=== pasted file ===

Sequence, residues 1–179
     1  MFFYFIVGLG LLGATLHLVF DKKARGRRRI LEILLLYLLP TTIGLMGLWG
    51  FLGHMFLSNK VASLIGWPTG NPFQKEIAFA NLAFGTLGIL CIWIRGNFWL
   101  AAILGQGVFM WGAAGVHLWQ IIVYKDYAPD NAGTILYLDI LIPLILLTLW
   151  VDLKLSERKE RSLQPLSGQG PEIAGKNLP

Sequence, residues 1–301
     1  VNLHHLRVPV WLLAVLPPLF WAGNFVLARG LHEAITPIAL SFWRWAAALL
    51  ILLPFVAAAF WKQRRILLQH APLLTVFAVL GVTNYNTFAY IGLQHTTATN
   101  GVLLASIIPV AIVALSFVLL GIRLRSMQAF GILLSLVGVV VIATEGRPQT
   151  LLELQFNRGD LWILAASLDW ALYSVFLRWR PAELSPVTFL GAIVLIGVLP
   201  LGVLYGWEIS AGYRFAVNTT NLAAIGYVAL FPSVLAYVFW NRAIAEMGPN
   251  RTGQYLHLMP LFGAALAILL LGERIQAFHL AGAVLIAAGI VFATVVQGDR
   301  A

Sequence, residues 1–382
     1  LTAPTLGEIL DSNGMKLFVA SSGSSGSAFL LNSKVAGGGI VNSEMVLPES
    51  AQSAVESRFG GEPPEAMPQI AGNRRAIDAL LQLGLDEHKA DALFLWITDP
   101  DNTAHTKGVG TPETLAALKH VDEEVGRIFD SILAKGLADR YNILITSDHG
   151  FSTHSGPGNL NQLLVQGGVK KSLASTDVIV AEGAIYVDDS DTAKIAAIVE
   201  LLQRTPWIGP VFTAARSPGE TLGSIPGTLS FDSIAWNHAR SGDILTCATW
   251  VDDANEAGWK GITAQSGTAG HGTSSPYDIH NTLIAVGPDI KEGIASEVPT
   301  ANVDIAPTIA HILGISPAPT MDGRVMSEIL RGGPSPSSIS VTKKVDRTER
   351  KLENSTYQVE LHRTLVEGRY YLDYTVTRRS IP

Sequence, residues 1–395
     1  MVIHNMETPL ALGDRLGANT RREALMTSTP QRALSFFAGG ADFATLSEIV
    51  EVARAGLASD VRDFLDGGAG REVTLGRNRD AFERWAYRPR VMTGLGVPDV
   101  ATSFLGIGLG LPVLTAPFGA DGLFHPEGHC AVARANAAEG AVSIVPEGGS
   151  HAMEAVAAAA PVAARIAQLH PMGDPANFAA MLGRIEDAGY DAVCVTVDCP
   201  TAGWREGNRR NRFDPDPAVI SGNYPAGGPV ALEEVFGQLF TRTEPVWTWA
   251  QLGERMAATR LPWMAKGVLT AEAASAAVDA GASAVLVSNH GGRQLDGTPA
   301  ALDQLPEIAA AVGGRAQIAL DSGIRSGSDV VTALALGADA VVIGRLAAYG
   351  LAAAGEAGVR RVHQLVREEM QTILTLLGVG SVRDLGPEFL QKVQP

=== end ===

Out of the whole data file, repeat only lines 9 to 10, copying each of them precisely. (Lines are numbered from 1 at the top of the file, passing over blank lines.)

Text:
   101  GVLLASIIPV AIVALSFVLL GIRLRSMQAF GILLSLVGVV VIATEGRPQT
   151  LLELQFNRGD LWILAASLDW ALYSVFLRWR PAELSPVTFL GAIVLIGVLP